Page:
Basement Bettas

Raising Show Quality Bettas

Feeding White Worms

My last post was on starting and keeping a White Worm culture. If you cruise the net you will find that most people will harvest the worms by taking something like a plastic cd case, spritz it with water and sprinkle a food on it. They will then place this food side down on the white worm’s soil. The next day they remove the plastic and rinse the worms into a bowl of water. They then use a dropper to suck up the worms and feed to their fish. I tried that and several variations of that, and it just was too much a pain to do every day. So, ever the mad scientist I played around until this is how I now harvest my white worms.

The next time you are at Wal-Mart, go to the kitchen gadget isle and pick up some of these stainless condiment cups. I think they are like four for $1. Get several.. they are very handy in the fish room. I fed my worms the previous day so I use my spoon to dig gently around where I buried food. You will see piles of worms.. scoop with the spoon and place them into the cup until it is full. Then, take a mister, and spritz the top of the soil a few times. You want it damp but not soaking wet. Tap water is fine to use.

Then, take another cup and cover the cup of worms. Once covered just set them aside for a bit. Spritzing the soil is going to reduce the amount of oxygen in the soil and the worms are going to head for the top. Keeping a cover over the top will make more of them surface as the worms prefer the darkness.. and keep the worms in the cups. It is not unusual for the worms to be bunched up in the top cup as well. Leave the top off and you can end up with worms all over the counter. Don’t ask me how I know..

Before long the worms will start to come to the surface. This photo was taken about 30 minutes after spritzing the worms with water. It does take some time to harvest the worms this way, so you may want to make this a second or third feeding. I feed another type of food first thing in the morning and prepare the worms at the same time.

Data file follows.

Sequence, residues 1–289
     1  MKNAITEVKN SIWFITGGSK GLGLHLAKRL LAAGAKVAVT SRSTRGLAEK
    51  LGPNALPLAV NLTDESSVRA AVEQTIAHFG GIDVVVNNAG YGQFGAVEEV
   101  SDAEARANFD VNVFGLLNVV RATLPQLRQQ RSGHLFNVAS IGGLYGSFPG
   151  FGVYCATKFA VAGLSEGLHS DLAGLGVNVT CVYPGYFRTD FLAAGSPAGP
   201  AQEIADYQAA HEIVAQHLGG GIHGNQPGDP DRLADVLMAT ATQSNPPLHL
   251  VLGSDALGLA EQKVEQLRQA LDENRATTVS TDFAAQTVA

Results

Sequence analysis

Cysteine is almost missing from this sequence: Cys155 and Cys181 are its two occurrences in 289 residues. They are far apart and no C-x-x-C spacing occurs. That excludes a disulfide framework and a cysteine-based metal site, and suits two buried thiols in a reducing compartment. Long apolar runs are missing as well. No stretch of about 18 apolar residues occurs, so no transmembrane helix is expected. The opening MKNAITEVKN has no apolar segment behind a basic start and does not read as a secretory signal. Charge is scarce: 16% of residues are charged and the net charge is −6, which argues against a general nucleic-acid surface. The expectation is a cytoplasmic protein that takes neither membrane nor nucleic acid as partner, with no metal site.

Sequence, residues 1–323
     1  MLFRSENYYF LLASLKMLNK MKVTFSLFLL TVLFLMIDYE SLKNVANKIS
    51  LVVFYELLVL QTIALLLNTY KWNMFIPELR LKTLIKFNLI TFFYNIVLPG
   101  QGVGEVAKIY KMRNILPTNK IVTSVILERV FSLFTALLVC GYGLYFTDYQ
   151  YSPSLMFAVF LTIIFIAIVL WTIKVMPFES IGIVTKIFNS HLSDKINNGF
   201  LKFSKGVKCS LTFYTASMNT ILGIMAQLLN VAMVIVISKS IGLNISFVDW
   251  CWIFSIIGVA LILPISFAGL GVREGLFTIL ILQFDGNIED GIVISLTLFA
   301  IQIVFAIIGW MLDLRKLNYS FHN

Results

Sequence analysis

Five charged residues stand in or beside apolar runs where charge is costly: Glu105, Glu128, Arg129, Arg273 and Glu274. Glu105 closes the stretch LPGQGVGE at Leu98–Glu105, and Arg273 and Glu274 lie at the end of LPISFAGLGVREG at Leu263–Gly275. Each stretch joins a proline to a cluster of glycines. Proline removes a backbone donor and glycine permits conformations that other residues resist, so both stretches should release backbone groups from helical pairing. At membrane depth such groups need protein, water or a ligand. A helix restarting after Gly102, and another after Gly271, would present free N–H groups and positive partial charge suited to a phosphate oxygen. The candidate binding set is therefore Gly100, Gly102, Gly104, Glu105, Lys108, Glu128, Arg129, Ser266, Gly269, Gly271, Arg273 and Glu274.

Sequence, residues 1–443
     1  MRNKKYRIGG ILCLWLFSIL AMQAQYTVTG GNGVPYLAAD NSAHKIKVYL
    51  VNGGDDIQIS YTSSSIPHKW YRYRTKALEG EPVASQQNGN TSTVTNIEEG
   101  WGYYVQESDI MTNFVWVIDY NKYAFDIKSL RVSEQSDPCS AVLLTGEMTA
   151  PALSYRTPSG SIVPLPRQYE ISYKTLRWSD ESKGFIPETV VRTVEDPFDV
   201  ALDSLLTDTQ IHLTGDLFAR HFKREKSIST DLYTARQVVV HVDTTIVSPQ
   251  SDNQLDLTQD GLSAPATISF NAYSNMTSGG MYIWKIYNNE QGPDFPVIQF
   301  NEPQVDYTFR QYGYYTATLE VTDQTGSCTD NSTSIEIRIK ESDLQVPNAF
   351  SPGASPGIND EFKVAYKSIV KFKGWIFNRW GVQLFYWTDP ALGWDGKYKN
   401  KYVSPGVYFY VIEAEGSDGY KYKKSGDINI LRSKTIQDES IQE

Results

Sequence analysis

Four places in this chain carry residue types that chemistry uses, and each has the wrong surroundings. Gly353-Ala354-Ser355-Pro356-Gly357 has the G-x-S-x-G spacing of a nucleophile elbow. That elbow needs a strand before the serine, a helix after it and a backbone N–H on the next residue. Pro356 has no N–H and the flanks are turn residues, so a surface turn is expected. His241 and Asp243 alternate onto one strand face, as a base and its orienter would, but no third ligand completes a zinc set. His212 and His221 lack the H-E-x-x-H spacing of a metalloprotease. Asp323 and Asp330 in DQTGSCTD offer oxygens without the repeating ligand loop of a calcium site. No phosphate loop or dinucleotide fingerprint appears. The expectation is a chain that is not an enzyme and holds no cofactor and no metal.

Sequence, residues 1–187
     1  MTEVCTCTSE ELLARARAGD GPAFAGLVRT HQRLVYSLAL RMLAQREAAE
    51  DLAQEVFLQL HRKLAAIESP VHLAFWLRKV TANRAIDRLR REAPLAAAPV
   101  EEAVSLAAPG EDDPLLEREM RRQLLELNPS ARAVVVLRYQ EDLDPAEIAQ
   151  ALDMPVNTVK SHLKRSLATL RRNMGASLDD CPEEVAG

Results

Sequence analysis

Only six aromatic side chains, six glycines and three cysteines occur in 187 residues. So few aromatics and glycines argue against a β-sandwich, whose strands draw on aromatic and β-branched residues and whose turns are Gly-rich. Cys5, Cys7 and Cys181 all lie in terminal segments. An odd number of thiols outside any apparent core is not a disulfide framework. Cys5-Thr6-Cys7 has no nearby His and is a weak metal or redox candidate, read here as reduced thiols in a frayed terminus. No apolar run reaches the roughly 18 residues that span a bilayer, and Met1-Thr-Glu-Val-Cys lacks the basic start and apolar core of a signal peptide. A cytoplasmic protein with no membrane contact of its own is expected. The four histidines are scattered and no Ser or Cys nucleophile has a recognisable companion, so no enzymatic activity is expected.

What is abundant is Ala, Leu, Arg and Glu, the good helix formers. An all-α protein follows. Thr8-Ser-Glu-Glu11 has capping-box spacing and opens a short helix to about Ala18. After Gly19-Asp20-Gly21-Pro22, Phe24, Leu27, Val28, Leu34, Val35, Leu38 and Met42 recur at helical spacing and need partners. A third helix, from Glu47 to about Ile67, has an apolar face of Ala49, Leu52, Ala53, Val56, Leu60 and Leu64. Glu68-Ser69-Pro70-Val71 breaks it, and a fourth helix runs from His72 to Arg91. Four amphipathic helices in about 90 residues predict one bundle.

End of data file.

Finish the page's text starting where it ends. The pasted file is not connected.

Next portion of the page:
Then, in the afternoon, I have a ready snack of fat white worms to treat my Bettas. This photo was taken about 2 hours after the worms were spritzed. Because they are on the top of the soil, they are clean and very easy to feed. If you leave them too long you will get dead worms.. so feed them within a few hours of doing this.

To feed, I use a pair of tweezers to grab a few worms and drop them into the Betta containers. My Bettas love them so much I have a few that will jump out of the water to grab the worms off the tweezers. You can even use the tweezers to dig into the soil and grab additional worms that have not made it to the surface. Usually, I am not able to get all the worms out of the dirt, so I just dump what’s left back into a worm culture. Because it is wetter then the worm culture soil, I dump it in a corner and the next day I stir it back into the mix when I flip the culture. The worms have migrated out of it and it dries a bit so is much easier to work back into the soil. The stainless cups are easy to wash and use over and over again. Though not instant, this method produceds lots of very clean worms to feed your fish.

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December 13, 2009 - Posted by | Feeding, Live Foods | , ,

2 Comments »

  1. I was just looking at IBC info and found your site. I had shown bettas in the 90′s and was looking.
    I am into guppies now and feed grindle worms and use a plastic screen to harvest them. I put a small sq. on top of the dirt and put food on the top of the screen and the worms come on the screen to feed and stay there, works great for me and it should work for white worms to. I can send a picture of it ifyou would like. Put fish in the title if you do because of spam.
    Good luck,
    Howard in Iowa

    Comment by Howard Broderson | September 9, 2010 | Reply

    • What a neat idea! Is it like the stuff they cross stitch with? My worms crashed in the move to Texas so I am waiting till it cools down a bit to get some more. They fish really put on size when you start feeding them. Thanks for the tip.

      Comment by Basement Bettas | September 9, 2010 | Reply


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